- Jan 23, 2005
You can see clearly where the old sediment is (16 months old) and where the new sediment has been added. I left a layer of old ADA Aqua soil on the bottom 1", then added about 3x this amount on top and sloped up towards the rear.
The vertical height difference is 11 cm.
Tank is 20"H, 24" L: 18" D, 38 Gallon rimless. You can see the filter intake and outflows. Light is 80 micromol 12 ours a day and will be reduced to 70 micromol and 9 hours once flooded.
You can see dramatic differences between the older ADA As and the new. I' had the idea to seed the new with old, looking back, this was a mistake.
I added liquid ferts to the spray bottle, so the front edge is coming back. I also got BGA quickly. I added some EM to the spray bottle and hit it for 4 days to kill it back (entire tank, not just the front).
The difference between the rates of growth and leaf size is very apparent(not so much in the pics here, but a little). I disturbed the front edge some, but it was a mess and I vacuumed up the older soil where there was no rooting. Nothing would grow well there. I figure it will fill in well once the tank gets flooded and run down to the nub where the front and bottom glass meet. Never liked the look of sediment on the front panel and will give a nicer slope look.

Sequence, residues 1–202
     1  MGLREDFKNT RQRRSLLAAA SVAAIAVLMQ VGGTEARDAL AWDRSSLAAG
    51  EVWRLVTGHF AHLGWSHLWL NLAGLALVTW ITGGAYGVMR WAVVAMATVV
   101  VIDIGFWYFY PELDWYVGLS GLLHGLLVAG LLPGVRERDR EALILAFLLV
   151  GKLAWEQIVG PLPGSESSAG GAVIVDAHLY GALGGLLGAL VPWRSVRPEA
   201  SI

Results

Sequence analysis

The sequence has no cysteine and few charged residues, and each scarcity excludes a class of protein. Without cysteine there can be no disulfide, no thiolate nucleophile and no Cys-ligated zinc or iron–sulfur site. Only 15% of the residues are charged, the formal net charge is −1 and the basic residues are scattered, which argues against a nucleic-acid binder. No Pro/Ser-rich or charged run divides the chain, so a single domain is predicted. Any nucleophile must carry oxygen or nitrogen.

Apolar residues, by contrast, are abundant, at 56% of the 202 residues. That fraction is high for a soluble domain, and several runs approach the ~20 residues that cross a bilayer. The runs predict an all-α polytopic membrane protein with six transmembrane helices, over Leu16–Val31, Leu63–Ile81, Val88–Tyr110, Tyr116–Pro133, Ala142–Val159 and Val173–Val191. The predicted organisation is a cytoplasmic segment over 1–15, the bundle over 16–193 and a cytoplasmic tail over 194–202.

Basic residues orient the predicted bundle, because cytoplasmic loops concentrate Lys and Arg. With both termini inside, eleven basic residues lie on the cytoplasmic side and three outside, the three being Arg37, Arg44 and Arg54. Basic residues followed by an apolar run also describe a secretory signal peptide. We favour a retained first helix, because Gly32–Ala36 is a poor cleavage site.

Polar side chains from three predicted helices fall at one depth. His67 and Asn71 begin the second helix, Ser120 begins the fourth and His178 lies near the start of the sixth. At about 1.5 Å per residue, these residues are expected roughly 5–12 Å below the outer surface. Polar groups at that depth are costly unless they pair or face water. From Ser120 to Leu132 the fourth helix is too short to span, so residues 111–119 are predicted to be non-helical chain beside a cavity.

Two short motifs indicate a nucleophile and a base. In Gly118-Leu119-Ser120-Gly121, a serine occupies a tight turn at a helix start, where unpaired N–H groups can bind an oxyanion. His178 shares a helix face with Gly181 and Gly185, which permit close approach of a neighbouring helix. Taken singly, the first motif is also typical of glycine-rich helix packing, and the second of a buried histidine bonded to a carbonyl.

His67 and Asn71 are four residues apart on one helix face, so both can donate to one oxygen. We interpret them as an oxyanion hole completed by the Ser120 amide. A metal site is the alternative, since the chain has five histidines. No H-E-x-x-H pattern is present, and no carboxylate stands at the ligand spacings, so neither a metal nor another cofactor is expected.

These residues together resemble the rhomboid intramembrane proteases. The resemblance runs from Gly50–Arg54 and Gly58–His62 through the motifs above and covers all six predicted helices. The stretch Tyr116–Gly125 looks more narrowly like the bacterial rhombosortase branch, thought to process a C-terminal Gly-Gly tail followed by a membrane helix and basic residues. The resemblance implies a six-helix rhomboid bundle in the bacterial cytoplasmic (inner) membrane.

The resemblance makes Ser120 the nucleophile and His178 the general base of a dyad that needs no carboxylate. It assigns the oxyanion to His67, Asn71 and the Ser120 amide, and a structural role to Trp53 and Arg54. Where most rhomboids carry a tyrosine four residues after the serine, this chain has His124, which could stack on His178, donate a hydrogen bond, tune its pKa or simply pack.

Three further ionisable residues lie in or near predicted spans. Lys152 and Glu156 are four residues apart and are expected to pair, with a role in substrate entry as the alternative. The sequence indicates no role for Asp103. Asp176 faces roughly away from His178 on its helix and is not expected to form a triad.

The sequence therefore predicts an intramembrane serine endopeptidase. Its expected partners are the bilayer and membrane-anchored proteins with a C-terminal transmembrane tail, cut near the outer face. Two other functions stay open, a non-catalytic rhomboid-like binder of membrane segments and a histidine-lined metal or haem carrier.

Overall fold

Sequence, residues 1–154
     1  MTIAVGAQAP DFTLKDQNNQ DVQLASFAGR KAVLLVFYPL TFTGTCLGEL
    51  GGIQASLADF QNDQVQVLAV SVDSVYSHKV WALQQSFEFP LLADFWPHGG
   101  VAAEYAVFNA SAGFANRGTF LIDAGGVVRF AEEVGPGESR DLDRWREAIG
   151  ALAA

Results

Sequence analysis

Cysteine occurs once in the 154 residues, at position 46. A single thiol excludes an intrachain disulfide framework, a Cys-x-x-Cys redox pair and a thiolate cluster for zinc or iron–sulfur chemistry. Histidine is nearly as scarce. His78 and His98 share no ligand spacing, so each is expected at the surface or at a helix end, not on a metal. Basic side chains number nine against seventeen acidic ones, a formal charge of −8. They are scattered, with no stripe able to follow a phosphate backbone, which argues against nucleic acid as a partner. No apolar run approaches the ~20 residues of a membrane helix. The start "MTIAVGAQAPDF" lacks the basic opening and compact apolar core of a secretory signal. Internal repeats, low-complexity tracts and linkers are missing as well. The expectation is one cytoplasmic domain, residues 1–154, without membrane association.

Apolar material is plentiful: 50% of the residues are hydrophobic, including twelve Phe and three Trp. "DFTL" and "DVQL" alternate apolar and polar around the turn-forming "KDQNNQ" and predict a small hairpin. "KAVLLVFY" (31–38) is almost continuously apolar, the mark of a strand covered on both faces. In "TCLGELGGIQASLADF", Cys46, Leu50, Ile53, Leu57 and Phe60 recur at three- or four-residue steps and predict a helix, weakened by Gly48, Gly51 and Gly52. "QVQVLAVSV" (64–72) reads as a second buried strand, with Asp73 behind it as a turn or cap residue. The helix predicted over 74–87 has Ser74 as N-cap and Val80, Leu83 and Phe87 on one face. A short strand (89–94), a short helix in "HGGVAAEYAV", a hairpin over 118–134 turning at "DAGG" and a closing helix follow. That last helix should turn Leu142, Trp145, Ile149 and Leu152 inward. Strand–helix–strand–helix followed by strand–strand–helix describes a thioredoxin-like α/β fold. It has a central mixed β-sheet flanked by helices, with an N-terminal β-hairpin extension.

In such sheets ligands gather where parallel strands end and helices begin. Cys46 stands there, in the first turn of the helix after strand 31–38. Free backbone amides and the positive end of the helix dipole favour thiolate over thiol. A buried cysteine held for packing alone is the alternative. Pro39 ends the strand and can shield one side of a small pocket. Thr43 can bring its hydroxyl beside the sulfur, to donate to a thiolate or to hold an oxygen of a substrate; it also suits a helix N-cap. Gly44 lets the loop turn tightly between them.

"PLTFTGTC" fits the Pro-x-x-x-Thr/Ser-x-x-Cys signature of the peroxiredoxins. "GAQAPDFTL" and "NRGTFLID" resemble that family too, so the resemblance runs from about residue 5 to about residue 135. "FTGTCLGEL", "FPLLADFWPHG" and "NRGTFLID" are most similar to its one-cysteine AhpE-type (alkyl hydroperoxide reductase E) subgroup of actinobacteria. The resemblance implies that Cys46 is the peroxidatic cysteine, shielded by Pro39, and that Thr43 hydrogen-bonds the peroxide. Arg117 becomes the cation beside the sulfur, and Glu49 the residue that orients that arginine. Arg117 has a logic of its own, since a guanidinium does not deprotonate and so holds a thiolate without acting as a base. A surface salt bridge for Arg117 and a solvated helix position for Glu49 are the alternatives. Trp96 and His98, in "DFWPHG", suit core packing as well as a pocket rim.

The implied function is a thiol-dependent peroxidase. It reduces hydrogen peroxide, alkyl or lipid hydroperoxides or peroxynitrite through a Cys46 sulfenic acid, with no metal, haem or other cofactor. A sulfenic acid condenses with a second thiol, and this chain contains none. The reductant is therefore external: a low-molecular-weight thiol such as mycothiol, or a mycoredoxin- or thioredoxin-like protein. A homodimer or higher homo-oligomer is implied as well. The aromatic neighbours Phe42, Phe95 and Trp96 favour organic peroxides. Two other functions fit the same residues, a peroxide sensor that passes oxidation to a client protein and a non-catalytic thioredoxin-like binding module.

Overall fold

The growth rates will equilibrate later once the tank is flooded because I add ferts to the water column and the sediment will leach nutrients everywhere.
I did not predict the ADA AS was that depleted, but.........it really was a huge difference. So I'm doing a pot test later at the lab to see.
You can test and see the differences in nutrient depletion between the old and new ADA AS. Yes, there's still growth at 16 months, but's about 10% of the new ADA.
Anyone wanna buy 30 lbs of old 16month ADA AS from me?
Argghh, I'm a lousy salesman ain't I?
You can do pot test in terrarium settings to isolate the sediment/water column interactions, address the CO2 issue, so that the test is independent of other factors other than sediment fertility.
This way you can compare them and their effectiveness to grow various plant species. It's also easy, cheap, no water changes, CO2 fiddling/assumptions etc, no added light if you place them outdoors etc.
You can sample older sediments vs new, sand, flourite etc
You can also add sprays of foliar nutrients to simulate water column uptake also.
So the test at the lab should help address the question as far as growth weights based on dry mass. I'm not going to do tissue analysis etc. Nothing to involved. And........ I have plenty of old depleted sediment to try and do something with now. Sure ya do not wanna buy some?:redface: